NEW DELHI: A group of astronomers, including from India, have spotted a very short and powerful burst of high-energy radiation (Gamma-ray) that lasted for about a second and had been racing toward Earth for nearly half the present age of the universe.
Details of discovery of the rare phenomena, published in the journal Nature Astronomy on Monday, will help scientists understand many unknown facts about distant galaxies and the possibility of its occurrence in our own milky way galaxy.
The burst, detected by the NASA’s Fermi Gamma-ray Space Telescope last year, turned out to be one for the record books – the shortest Gamma-ray burst (GRB) caused by the death of a massive star, said the department of science & technology (DST) in a note on the discovery and involvement of Indian astronomers.
The GRBs are among the brightest and most energetic events in the universe, detectable across billions of light-years. GRBs, which occur due to the explosion of stars, produce as much energy as the sun produced during its entire existence.
Asked about its implication if the GRB occurs near earth, Indian scientist Shashi Bhushan Pandey from the DST’s Aryabhatta Research Institute of Observational Sciences (ARIES) said, “If, at all, such astronomical event occurs in our milky way galaxy, not only earth but the entire solar system will be simply blown away.”
Pandey, one of the Indian scientists in the team of astronomers spotting the short event GRB from dying star, told TOI that such discoveries and identification of astronomical events would always help the world understand mysteries behind extinction events of the planet’s history in the past (over 450 million years ago).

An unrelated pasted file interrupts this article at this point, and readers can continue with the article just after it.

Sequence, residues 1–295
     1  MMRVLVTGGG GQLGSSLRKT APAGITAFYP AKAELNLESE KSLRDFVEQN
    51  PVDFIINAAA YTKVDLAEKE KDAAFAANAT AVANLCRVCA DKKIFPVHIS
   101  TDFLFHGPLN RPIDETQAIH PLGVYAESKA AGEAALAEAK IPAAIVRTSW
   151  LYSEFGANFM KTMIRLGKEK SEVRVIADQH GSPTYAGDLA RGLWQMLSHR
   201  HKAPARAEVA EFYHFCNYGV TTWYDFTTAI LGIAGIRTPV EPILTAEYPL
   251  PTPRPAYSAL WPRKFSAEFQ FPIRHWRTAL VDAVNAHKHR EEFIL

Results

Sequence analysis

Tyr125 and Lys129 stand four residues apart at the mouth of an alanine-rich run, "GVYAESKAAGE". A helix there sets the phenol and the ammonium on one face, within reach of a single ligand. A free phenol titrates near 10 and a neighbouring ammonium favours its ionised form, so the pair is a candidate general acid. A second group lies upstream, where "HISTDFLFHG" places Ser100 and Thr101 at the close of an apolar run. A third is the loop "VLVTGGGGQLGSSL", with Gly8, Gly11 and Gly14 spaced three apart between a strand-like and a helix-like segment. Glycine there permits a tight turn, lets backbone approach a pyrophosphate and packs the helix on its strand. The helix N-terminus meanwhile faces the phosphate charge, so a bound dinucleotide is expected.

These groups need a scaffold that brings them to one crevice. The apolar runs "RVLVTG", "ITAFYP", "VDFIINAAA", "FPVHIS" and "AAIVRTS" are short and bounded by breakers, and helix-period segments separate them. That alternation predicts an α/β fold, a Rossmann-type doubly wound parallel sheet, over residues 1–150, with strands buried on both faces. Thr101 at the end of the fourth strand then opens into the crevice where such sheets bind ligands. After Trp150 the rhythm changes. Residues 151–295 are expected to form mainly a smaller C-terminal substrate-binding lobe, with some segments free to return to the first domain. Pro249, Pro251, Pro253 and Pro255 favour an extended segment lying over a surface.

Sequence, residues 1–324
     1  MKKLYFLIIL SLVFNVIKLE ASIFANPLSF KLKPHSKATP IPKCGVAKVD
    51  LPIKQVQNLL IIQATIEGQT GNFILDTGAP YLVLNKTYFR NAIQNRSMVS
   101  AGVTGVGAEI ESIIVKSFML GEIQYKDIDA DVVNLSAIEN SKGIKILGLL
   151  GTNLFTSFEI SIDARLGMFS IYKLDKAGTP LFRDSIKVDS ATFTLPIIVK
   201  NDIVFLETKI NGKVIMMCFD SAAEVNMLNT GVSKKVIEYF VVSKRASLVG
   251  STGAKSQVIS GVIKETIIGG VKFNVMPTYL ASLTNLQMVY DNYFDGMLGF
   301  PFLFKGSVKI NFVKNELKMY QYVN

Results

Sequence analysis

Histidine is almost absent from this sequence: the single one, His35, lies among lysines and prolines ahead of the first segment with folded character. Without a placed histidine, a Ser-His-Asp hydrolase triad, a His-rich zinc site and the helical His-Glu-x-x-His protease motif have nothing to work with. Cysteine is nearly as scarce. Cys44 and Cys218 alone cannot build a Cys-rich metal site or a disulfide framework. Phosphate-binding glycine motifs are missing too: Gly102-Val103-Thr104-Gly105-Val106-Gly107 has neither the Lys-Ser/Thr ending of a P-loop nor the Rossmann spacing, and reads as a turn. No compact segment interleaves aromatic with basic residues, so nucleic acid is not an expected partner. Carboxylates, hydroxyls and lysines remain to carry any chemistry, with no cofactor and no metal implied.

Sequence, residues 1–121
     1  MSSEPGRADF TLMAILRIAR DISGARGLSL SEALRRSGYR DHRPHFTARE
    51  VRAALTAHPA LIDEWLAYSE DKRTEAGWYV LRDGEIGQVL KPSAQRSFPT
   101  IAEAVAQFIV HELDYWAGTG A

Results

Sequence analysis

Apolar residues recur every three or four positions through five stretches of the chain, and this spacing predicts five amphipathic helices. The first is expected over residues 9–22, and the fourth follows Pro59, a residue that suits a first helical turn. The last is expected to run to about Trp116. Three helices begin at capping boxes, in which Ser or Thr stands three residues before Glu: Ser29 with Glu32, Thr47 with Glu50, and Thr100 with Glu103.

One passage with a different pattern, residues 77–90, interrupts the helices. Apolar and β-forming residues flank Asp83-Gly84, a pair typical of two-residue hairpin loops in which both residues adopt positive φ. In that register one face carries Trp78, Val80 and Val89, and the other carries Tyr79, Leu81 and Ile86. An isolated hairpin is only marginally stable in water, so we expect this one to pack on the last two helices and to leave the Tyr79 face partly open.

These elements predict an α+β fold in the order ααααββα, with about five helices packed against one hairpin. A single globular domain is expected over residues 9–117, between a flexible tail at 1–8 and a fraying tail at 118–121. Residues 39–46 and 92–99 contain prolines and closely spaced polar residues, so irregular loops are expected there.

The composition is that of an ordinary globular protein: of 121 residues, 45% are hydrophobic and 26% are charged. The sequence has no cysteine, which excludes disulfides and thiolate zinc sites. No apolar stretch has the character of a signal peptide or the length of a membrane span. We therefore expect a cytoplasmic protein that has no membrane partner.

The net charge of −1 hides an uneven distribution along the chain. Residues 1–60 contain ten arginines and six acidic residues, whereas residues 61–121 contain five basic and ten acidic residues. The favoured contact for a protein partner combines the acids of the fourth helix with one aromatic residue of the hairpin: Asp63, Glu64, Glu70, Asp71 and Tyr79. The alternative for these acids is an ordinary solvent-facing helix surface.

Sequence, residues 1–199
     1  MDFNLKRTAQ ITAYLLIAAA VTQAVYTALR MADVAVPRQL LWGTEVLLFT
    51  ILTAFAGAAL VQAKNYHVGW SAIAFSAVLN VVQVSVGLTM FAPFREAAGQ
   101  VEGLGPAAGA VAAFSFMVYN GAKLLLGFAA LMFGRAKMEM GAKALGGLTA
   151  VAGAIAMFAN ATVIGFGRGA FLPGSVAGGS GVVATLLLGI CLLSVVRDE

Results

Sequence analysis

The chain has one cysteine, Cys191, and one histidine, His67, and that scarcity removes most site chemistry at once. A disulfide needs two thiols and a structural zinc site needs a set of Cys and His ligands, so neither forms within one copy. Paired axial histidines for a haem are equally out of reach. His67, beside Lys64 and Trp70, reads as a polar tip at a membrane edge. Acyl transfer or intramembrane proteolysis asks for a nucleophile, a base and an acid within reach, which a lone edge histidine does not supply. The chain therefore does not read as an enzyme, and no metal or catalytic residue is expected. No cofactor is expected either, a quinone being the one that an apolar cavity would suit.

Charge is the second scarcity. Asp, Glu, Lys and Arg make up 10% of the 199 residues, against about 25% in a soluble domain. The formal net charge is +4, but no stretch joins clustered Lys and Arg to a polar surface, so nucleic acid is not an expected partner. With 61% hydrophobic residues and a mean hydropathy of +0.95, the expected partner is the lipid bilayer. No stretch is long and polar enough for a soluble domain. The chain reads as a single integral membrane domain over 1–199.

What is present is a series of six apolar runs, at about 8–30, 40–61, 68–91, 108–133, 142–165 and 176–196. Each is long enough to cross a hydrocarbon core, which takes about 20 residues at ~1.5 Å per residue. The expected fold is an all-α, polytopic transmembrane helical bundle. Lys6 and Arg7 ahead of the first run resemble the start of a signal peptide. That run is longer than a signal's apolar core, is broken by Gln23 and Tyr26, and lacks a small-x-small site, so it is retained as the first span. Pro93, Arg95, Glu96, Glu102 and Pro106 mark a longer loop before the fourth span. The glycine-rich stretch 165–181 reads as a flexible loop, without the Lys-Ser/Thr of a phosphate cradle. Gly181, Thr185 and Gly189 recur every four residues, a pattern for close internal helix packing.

Astronomers classify GRBs as long or short based on whether the event lasts for more or less than two seconds. They observe long bursts in association with the demise of massive stars, while the “short bursts” have been linked to a different scenario, said the DST note on the latest discovery.
Named GRB 200826A, the burst is the subject of two papers published in Nature Astronomy on Monday. “We think this event was effectively a fizzle, one that was close to not happening at all. Even so, the burst emitted 14 million times the energy released by the entire Milky Way galaxy over the same amount of time, making it one of the most energetic short-duration GRBs ever seen,” said Tomas Ahumada, a doctoral student at the University of Maryland and NASA’s Goddard Space Flight Center in Greenbelt, Maryland, who led one of the papers.
The DST in its note, quoting NASA’s Goddard Space Flight Center, said, “When a star much more massive than the Sun runs out of fuel, its core suddenly collapses and forms a black hole. As matter swirls toward the black hole, some of it escapes in the form of two powerful jets that rush outward at almost the speed of light in opposite directions. Astronomers only detect a GRB when one of these jets happens to point almost directly toward Earth.”